That’s a Great Idea But…
That’s a Great Idea But…
We’ve all experienced it. Someone comes up with a great idea for doing something different, and better. Everyone agrees it’s a great idea, and better. And yet nothing happens. Nada. Zip.
How to explain this near-universal phenomenon?
I choose to looks at the phenomenon in terms of loss aversion (and its kissing cousin, the status quo bias).
We human beings have an outrageous number of cognitive biases. One of the most powerful of these biases is loss aversion.
Loss Aversion and the Status Quo
“In a nutshell, loss aversion is an important aspect of everyday life. The idea suggests that people have a tendency to stick with what they have unless there is a good reason to switch. Loss aversion is a reflection of a general bias in human psychology (status quo bias) that make people resistant to change. So when we think about change we focus more on what we might lose rather than on what we might get.”
~ Shahram Heshmat Ph.D., Psychology Today
The notion that losses loom larger than gains, originally formalised by Kahneman and Tversky (1979; Tversky & Kahneman, 1991; cf. Markowitz, 1952, p. 155), has proven to have tremendous explanatory power.
In addition to basic examples, loss aversion can help to explain a wide range of phenomena, including the sunk cost fallacy, the attraction effect, the compromise effect, anticipated and experienced regret, and the status quo bias.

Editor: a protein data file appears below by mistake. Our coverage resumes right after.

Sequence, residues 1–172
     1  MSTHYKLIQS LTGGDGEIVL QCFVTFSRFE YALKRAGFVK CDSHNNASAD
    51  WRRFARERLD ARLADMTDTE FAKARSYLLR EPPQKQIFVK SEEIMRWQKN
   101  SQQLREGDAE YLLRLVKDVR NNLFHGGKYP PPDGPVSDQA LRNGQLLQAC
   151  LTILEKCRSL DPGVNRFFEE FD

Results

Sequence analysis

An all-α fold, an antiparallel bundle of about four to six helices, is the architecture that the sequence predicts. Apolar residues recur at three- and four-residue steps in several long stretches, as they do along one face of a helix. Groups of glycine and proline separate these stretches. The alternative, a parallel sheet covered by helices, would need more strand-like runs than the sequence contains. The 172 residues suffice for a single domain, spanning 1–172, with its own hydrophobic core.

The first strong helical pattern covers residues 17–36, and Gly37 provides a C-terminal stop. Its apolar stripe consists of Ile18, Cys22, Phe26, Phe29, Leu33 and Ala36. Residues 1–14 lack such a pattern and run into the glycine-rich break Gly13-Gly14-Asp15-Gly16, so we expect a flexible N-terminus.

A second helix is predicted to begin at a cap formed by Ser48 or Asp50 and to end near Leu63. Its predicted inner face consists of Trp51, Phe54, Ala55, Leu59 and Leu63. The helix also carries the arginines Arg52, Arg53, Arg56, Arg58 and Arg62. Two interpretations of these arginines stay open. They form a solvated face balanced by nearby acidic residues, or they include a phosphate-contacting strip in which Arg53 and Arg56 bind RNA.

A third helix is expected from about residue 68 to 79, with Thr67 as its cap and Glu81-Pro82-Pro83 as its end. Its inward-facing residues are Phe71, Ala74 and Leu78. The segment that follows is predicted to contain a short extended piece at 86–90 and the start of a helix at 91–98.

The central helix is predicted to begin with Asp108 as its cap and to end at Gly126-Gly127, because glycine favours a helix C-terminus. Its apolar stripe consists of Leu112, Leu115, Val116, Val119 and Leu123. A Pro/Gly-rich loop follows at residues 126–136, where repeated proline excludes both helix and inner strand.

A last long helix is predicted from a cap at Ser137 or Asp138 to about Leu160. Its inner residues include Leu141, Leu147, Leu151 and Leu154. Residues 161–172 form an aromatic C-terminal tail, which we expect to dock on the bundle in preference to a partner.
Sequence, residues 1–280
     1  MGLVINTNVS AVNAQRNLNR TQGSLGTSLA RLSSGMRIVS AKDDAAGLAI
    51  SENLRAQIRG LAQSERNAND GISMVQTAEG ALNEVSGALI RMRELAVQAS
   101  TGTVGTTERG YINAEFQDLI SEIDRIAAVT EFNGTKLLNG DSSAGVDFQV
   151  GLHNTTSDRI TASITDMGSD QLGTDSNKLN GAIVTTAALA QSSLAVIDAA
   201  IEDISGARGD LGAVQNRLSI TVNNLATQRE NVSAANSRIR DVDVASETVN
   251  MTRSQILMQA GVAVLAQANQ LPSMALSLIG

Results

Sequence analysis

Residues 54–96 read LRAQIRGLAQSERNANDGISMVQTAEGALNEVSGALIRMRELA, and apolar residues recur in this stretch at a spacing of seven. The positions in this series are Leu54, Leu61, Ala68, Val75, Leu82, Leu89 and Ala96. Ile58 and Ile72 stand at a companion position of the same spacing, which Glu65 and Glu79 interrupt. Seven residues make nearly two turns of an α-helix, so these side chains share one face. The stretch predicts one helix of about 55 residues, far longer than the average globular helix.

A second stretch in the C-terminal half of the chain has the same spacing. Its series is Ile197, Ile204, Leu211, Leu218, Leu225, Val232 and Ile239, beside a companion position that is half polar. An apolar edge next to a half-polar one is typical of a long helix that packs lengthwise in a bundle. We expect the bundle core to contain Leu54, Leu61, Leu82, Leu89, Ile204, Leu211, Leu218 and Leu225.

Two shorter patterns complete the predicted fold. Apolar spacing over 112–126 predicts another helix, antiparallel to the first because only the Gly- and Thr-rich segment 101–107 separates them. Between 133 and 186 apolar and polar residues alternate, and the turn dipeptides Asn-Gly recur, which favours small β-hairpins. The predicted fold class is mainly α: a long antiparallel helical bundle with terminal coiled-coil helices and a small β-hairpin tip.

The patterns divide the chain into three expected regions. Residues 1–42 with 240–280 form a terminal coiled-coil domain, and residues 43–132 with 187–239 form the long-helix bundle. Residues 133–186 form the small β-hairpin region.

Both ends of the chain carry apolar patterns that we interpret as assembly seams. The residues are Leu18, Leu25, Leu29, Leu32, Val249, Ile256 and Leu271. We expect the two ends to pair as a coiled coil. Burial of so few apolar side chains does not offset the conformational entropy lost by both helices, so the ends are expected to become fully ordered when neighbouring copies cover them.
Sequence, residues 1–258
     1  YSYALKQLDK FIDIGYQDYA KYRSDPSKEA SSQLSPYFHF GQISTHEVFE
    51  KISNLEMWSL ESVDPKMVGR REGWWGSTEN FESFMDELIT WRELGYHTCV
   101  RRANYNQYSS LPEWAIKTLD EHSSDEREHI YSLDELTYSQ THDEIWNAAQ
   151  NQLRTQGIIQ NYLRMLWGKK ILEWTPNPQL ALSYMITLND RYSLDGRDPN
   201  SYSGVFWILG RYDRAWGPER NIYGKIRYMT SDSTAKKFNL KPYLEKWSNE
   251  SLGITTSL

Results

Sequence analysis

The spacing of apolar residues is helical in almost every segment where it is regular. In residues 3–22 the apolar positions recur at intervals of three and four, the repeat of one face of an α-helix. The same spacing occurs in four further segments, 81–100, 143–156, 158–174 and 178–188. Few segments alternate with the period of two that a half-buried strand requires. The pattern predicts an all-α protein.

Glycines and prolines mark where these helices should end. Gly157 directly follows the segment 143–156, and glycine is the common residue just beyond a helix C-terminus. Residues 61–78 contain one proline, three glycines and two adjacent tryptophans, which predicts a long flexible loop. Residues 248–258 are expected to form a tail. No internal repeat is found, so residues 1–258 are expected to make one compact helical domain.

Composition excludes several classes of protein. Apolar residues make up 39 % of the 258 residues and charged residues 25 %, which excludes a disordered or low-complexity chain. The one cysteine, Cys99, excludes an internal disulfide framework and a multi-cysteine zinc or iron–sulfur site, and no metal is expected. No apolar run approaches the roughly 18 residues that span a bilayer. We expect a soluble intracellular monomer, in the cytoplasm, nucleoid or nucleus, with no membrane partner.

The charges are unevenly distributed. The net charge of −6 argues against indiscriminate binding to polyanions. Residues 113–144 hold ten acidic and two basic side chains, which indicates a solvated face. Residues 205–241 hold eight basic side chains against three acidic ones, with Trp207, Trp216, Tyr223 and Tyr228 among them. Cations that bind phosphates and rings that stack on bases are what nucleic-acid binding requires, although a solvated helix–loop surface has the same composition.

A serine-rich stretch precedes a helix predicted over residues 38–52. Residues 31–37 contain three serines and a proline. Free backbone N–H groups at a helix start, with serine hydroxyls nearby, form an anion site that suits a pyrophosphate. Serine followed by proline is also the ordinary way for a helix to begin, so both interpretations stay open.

Needs and Relatively Ineffective Strategies
In my work as an Organisational Psychotherapist, I see, daily, folks’ reluctance to give up on their “established” strategies for getting their needs met in favour of new strategies offering more effective means for seeing those needs met. Often, MUCH more effective means.
Where does loss aversion come into it? Loss aversion explains the hold these “established” strategies have over people. The promising new strategy may look attractive, but the fear of not getting their needs met (in case the new strategy doesn’t pan out) hugely outweighs the promise of the uplift in effectiveness from the new strategy, if adopted.
“One implication of loss aversion is that individuals have a strong tendency to remain at the status quo, because the disadvantages of leaving it loom larger than advantages.”
~ Daniel Kahneman (Kahneman 1991)
We fallible humans cling to our established strategies for seeing our needs met for fear of losing out if we choose a different strategy, almost no matter how attractive that new strategy may be.
For me, this goes a long way to explain “resistance to change” – which may more usefully be called “attachment to the status quo”.
Psychology and neuroscience offers some suggestions how to remediate loss aversion and status quo bias. I may explore these suggestions in a future post (given demand).
Kahneman, D. (2011). Thinking, Fast and Slow. Farrar, Straus And Giroux.
Rick, S. (2011). Losses, Gains, and Brains: Neuroeconomics can help to answer open questions about loss aversion. Journal of Consumer Psychology, 21(4), 453–463. https://doi.org/10.1016/j.jcps.2010.04.004
Kahneman, D., Knetsch, J. L., & Thaler, R. H. (1991). Anomalies: The Endowment Effect, Loss Aversion, and Status Quo Bias. Journal of Economic Perspectives, 5(1), 193–206. https://doi.org/10.1257/jep.5.1.193
Rosenberg, M. B. (2015). Nonviolent Communication: A Language of Life. Puddledancer Press.
There’s a very early Dilbert cartoon that summarises this perfectly:
Just appointed: “Great idea! Let’s start straight away!!”
Five years in post: “We tried that five years ago. It didn’t work then and it won’t work now.”
Ten years in post: “No. If we do that, we’re all going to die or go to prison.”